Currently, most building extraction research exploits data sets that are available to the public, such as 2D semantic labeling data sets provided by ISPRS [27]. However, the fact that the performance of CNNs is sensitive to the characteristics of training data is one of our basis to motivate and argue that open source training data is neither sufficient nor suitable to achieve the goal of establishing large scale building extraction. Ideally, the differences between the training data and the to-be-processed NAIP images should be minimal to avoid dataset shifts phenomenon that leads to domain adaptation challenges [41]. Therefore, we need to seek alternative sources of training data to enable our large scale building mapping with CNN in the United States.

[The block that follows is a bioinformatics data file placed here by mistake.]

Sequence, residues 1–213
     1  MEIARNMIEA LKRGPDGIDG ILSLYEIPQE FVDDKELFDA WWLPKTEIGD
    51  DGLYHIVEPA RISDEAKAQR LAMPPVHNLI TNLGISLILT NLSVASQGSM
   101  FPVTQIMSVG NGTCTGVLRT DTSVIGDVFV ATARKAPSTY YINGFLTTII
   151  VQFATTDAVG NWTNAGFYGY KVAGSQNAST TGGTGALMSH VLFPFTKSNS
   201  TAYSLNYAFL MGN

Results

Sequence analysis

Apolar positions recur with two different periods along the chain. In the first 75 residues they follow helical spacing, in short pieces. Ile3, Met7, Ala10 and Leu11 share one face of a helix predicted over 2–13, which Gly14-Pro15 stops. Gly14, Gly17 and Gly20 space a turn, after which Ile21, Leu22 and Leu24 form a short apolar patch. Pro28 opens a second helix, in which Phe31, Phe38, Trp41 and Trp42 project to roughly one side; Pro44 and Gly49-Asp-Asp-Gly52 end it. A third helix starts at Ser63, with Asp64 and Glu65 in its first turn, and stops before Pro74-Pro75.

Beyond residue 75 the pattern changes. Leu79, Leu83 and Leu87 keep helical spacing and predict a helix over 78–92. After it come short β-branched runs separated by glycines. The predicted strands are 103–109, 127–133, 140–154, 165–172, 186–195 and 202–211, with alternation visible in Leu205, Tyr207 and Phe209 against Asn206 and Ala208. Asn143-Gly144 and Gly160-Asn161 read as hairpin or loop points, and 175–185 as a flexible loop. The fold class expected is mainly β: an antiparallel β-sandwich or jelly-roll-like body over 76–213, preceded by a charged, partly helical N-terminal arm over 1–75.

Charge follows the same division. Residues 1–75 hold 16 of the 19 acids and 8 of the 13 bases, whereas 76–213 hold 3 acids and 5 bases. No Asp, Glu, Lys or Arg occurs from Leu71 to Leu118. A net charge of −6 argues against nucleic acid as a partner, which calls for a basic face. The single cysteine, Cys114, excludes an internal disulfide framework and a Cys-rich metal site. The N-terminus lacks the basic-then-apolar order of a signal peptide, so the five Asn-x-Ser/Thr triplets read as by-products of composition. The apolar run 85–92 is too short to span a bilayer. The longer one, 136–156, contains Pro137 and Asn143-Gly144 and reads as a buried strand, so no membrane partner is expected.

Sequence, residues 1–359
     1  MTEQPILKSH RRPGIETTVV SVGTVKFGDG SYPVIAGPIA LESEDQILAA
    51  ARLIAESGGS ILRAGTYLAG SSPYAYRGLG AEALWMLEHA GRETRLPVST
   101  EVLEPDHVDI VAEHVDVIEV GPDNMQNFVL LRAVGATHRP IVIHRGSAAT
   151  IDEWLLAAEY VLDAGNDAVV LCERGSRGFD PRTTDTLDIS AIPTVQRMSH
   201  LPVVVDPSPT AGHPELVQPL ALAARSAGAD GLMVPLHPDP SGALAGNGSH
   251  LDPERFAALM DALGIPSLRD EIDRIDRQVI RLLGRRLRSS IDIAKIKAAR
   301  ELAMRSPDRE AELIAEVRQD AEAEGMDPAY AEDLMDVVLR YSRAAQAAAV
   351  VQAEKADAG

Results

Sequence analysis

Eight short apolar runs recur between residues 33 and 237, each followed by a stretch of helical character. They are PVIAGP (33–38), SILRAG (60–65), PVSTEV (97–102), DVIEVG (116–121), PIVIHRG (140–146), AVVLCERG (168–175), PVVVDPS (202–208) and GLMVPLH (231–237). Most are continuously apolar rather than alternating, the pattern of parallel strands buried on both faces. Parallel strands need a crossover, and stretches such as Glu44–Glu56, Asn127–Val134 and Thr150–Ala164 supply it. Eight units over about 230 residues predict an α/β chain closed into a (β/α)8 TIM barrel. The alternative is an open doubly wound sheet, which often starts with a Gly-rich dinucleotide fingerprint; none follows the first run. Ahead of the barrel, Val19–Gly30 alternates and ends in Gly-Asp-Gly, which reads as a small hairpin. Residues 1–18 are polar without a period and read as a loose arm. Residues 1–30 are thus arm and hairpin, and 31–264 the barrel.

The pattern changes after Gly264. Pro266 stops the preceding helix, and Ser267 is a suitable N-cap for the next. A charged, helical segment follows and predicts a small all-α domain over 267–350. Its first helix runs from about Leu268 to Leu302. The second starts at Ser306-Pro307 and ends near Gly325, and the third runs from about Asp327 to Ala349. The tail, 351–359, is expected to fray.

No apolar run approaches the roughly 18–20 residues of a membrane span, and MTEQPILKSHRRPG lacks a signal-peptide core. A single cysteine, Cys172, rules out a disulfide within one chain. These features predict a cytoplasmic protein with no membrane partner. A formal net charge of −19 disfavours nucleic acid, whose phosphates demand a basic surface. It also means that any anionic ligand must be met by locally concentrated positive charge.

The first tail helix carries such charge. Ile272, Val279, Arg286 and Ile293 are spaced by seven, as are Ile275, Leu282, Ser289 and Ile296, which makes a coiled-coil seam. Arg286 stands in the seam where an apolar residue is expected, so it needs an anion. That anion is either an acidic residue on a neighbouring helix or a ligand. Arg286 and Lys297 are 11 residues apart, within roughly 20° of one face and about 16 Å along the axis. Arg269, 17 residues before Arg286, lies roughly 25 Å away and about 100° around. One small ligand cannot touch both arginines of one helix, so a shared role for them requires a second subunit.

The building training samples were generated based on a LiDAR building footprints database. We compiled 5,173 500 by 500 pixels using 1-meter resolution NAIP images from nine cities. The nine cities were selected geographically spread across the United States. We randomly picked 4,000 images as the training set, and the remaining 1,173 images as the validation set.